No Adebayo, no Dragic, a ton of worries.
The Miami Heat are likely to be without two of its three best players, Bam Adebayo and Goran Dragic, for the second consecutive game when they take on the Los Angeles Lakers Sunday night in Game 3 of the NBA Finals. Both are currently listed as “doubtful” and neither played in a Game 2 showing for Miami that was actually more impressive than its disappointing Game 1 blowout. Without their defensive anchor holding down the paint, the Heat leaned heavily on a zone defense approach that did everything it could to limit the scoring prowess of Anthony Davis and LeBron James. Miami’s offense was two steps up from Game 1, but the defense was bleeding points all night long, particularly during the second and third quarters. The Lakers never ran away with the game as they did in the first meeting, but always had an answer for every Heat bucket.
Miami still isn’t dead in the water quite yet, but they’re one game away from falling into a 3-0 hole that no NBA team has ever been able to overcome. Even more production from reserve centers Meyers Leonard (seven points in Game 2) and Kelly Olynyk (24 points) along with rookie Kendrick Nunn (13 points) will be critical without Adebayo and Dragic. Odds are high that Tyler Herro will receive his second straight start at point guard for Miami, and even though he posted 17 points in Game 2, there was much more he could have done. If Miami elects to abandon the zone, Herro will have even more responsibility.
Here are some of my thoughts on Game 3.
Back to the zone?
After watching the Lakers explode for 124 points while making over 50 percent of its overall shots and attempting more 3-pointers than any other Finals team in league history, the zone might have run its course. Miami didn’t even use it all that much in Game 1 and L.A. abused them no matter what defense was in their way. Without Adebayo, it means whoever defends Anthony Davis will be at an obvious disadvantage, whether it’s Jae Crowder, Jimmy Butler, or especially one of Leonard and Olynyk. The zone helps mitigate Davis’ effectiveness in a one-on-one setting, but he was arguably more dangerous working against the zone.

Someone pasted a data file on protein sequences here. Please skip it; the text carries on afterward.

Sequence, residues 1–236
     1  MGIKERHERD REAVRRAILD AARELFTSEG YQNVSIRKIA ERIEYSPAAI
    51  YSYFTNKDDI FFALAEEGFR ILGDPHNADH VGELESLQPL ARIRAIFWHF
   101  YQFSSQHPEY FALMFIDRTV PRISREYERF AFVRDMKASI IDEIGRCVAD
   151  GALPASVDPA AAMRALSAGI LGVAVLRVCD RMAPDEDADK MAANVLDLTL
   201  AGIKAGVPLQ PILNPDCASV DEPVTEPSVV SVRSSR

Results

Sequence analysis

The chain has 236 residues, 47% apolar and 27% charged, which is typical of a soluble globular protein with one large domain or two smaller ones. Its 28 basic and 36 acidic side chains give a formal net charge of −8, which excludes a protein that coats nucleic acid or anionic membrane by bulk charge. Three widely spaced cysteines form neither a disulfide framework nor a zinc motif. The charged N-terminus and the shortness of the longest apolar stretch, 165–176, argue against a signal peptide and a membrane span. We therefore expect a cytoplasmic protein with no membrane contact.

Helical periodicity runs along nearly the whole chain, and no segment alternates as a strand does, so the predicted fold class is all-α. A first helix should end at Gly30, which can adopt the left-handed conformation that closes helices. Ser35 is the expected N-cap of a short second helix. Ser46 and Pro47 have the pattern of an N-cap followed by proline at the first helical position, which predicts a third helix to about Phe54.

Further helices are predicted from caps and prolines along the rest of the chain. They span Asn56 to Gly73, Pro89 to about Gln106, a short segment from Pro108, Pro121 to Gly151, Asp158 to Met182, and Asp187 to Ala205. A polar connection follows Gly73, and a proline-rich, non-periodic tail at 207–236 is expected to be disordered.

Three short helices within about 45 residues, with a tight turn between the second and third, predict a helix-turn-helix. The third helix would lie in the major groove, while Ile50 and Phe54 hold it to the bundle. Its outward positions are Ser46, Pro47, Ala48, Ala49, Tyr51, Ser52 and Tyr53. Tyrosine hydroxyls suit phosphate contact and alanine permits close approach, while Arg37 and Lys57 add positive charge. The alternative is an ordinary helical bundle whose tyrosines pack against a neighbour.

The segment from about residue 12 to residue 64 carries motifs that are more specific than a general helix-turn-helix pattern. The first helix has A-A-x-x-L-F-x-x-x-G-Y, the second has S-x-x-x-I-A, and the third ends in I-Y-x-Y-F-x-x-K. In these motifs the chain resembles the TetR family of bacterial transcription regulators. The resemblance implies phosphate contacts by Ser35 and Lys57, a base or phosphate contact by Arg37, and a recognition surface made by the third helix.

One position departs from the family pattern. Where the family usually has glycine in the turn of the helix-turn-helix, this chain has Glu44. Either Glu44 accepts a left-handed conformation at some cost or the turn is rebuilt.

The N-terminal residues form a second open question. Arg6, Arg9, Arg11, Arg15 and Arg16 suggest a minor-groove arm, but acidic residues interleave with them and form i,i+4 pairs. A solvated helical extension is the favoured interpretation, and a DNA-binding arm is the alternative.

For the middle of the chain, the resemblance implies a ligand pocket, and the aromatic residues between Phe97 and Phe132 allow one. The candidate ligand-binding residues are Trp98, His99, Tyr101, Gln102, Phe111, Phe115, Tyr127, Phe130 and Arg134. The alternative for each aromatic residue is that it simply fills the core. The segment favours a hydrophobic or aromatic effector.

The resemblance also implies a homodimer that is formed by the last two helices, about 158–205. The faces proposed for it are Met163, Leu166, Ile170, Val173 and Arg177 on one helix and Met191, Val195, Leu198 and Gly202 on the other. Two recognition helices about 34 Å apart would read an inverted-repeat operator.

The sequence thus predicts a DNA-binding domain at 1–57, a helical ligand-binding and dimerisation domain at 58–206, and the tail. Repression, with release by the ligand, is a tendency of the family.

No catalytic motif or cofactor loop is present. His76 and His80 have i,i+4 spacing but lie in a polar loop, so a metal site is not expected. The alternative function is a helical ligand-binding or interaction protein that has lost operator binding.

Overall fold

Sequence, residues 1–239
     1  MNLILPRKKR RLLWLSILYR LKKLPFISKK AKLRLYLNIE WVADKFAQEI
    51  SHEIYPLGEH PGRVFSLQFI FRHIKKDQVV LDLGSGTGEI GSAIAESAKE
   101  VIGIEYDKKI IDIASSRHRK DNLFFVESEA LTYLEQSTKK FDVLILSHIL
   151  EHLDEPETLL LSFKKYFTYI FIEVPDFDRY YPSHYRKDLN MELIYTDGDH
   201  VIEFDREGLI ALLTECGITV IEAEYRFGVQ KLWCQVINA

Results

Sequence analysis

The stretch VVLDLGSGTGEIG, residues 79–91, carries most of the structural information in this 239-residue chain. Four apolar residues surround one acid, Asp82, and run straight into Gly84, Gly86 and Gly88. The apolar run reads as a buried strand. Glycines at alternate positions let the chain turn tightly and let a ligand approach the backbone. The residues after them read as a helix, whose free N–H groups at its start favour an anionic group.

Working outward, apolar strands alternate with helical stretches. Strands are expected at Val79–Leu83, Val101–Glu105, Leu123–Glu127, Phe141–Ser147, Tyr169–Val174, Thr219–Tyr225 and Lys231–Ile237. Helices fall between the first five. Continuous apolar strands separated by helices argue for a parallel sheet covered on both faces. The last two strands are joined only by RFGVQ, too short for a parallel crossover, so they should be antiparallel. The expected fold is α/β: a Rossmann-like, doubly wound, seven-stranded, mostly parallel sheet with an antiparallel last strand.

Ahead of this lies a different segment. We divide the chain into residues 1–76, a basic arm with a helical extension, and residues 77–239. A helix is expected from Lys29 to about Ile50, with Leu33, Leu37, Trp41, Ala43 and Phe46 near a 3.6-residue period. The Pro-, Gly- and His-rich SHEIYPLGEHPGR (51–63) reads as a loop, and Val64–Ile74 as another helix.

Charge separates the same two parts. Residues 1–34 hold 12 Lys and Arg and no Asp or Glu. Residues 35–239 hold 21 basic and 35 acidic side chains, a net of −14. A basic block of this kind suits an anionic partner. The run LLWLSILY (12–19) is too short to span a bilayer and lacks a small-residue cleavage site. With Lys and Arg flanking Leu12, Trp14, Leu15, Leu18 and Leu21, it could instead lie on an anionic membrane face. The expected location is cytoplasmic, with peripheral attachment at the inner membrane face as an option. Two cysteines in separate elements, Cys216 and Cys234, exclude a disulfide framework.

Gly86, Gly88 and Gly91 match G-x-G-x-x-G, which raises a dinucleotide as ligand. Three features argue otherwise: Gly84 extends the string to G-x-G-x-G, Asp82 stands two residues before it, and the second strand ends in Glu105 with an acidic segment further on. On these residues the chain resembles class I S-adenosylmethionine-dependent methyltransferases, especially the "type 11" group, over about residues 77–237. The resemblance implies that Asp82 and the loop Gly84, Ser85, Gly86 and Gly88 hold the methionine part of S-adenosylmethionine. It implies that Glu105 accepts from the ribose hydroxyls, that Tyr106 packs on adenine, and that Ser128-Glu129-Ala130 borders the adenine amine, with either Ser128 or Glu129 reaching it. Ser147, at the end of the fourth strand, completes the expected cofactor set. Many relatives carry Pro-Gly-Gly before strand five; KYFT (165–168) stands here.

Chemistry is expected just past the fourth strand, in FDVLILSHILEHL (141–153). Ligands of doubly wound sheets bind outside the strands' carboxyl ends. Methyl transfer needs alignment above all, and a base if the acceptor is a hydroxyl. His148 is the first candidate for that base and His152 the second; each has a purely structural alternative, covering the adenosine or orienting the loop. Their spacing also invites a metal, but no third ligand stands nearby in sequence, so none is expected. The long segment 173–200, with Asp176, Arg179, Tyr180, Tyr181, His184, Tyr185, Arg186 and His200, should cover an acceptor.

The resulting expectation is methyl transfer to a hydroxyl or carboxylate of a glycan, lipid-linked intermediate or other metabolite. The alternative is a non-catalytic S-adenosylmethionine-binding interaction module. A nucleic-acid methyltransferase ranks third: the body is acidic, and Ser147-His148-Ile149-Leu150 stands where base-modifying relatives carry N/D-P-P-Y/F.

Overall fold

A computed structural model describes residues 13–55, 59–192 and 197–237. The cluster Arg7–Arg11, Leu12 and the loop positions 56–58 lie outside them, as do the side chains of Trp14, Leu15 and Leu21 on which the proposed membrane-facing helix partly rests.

Davis had no issue sneaking in for offensive rebounds, as Miami was lucky to have one player on the floor who could attempt to box him out. He rebounded over 18 percent of the Lakers’ overall misses, according to Cleaning the Glass, an insane figure, and over half of his 15 made buckets came directly at the rim. If it wasn’t Davis, it was LeBron or Rondo who were plopped right at the nail, waiting to receive a pass, quickly turn around, and make a play at the rim. If the Heat decides to roll with a man-to-man look, they can at least body up Davis at all times and try to keep him off the glass; a tall order for any team. With Adebayo on the sideline, Davis is likely going to get 30-plus points regardless of what defense is thrown at him.
Rondo has actually played his best basketball of this series against the zone defense. Whether he was at the free-throw line or at the top of the key running the offense, he was calm and collected in a half-court setting. If the Lakers were able to successfully work around two or three passes in quick succession, Rondo would finish off the play with perfectly-placed passes along the baseline behind the Miami zone backline. If he’s shooting 3-4 from beyond the arc, as well, as he did in Game 2, Rondo becomes a lethal zone dissector.
Miami’s offense putting in work
The downgrade on defense was expected from Miami after an All-NBA Defensive Team performer went out of the lineup, while questions about how the offense might execute were valid. Adebayo was the central hub, acting almost as a Nikola Jokic-esque point center who ran the offense from the high post. The Heat would run shooters off of Adebayo, roll him to the rim, and let his passing abilities take over. The offense needed to come from somewhere else during Game 3 in his absence and a handful fof Miami players stepped up.